I’ve never been a groupie. But I have to admit I’ve been a little obsessed with Rachel Belle since I first heard her on KIRO radio. I love her perky voice and the human interest stories she tells on her “Ring My Belle” segment during the Ron and Don Show. I get a kick out of her radio spots when she tells us how to grow hair (Ovation Cell Therapy!!) and how to get rid of it (Ideal Image!!) So when she asked on her Facebook page (of course I’m a follower) for people who had recently switched careers I answered immediately--pick me! I sold furniture for 18 years! I’m now a photographer! I want to be interviewed by Rachel Belle! Strangely enough, she actually did pick me--and this is the interview we recorded on Monday morning. She asked me questions while I was photographing her, which was a little unnerving, but fun. It ran Monday afternoon. That is some fast editing. Rachel is good at everything.
Micah's bar mitzvah was held recently at Congregation Beth Shalom in Seattle. Micah was calm and confident and gave an amazing speech. I was impressed by his family--they all participated in the service. It was a Thursday, so I was able to photograph Micah putting on tefillin for the first time in addition to being called up to the Torah. He went on to do so again on Shabbat, and then everyone celebrated at a lively party in Sodo on Saturday night, highlighted by a Havdala service, singing and dancing. Very nice simcha!
As many of you know, I spent the summer shooting for Seattle Magazine. I’ve been sent to photograph restaurants, stores, non-profit organizations, and an eclectic assortment of people in the news--attorneys, community activists, chefs, and legislators.
When I was assigned to shoot “Le Petit Cochon,” I did wonder why they were sending their only Jewish photographer to “The Little Pig” -- a pork restaurant that was opening soon. But then I considered the creative possibilities and I asked the chef, Derek Ronspies, if he could get a baby pig for the photo shoot. Derek wasn’t sure where to actually get a pig, which I thought was strange, considering his specialty. But he was able to round up Henry from a local petting zoo. And I got the green light from the Art Director to include Henry in the photos for Seattle Magazine.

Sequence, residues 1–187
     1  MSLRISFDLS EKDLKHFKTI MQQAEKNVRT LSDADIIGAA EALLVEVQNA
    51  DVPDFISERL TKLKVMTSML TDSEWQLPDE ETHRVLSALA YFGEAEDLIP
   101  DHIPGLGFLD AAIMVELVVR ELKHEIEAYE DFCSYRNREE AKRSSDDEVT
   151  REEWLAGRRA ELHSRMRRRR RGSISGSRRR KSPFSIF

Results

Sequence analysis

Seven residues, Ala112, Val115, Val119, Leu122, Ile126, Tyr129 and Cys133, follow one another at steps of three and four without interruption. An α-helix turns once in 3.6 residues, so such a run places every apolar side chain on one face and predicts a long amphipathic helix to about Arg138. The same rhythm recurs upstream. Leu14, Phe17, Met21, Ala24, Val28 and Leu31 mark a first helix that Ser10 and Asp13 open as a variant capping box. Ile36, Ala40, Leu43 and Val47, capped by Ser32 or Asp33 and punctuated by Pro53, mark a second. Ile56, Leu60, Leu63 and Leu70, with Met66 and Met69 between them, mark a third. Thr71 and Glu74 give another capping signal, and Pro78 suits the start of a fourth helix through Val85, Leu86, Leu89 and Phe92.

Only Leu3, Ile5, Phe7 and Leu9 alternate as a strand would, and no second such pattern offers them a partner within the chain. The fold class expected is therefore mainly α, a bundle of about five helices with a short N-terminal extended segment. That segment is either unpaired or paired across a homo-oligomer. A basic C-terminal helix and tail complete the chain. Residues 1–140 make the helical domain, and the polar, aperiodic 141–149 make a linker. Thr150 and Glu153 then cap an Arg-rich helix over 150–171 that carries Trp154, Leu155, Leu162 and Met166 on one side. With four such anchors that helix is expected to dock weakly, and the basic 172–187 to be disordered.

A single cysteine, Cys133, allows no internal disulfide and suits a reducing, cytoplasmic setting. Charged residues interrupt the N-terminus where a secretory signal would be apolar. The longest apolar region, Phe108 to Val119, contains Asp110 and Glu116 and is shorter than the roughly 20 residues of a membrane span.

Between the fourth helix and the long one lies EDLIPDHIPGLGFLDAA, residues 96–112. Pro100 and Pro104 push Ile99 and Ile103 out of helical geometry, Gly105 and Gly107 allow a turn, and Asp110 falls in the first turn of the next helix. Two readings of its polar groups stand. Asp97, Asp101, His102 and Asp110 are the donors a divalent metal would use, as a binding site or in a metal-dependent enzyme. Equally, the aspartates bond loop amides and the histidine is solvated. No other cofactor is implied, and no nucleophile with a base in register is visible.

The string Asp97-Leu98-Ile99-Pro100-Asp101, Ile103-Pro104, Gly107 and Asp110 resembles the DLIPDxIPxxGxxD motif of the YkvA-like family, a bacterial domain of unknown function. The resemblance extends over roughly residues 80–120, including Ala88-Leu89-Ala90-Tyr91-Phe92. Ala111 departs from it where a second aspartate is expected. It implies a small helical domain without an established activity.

Henry wasn’t the most gracious of subjects. He squealed a lot. We fielded stares from pedestrians just outside the restaurant. You could see “why are they butchering a pig in the middle of Fremont?” on their faces. But Derek and Henry got along splendidly.
Alas, there was no little piggie in the photo of Derek and the restaurant that ran in the October issue of the magazine. Henry was cropped out. Maybe the images of Henry juxtaposed with the cutting board, a huge knife and some garlic were taking artistic liberty a little too far. The images didn’t bother me---but then I don’t eat pork. I am just sorry that Henry missed out on his 15 minutes of fame.
My friend Debra Rettman and I have long talked about photographing Rabbi Solomon Maimon. Rabbi Maimon was not only the first Sephardic rabbi ordained in the United States, he has been a pivotal figure in the Seattle Jewish community for decades and was also the official Mohel (trained in the ritual of circumcision) of the community. His first brit milah--Jack Babani-- was conducted in 1947 and his last one--my son Raphael--in 1998. I wanted to photograph the rabbi with both “boys,” representing the bookends of his Mohel career. We were able to get everyone together on President’s Day at Sephardic Bikur Holim for this photo shoot.
The Seattle Sugarplum Elves are a riot. A song and dance variety act, they perform singing telegrams and engage in other seasonal entertainment. My lovely cousin, Talia--I mean "Two Shoes" (they all have Elf names) is a member, and arranged for me to do a photoshoot at Fishermen's Terminal for their calendar, which can be ordered here:
I was assisted on this shoot by Elizabeth Ogle and I think we both enjoyed ourselves just a bit too much.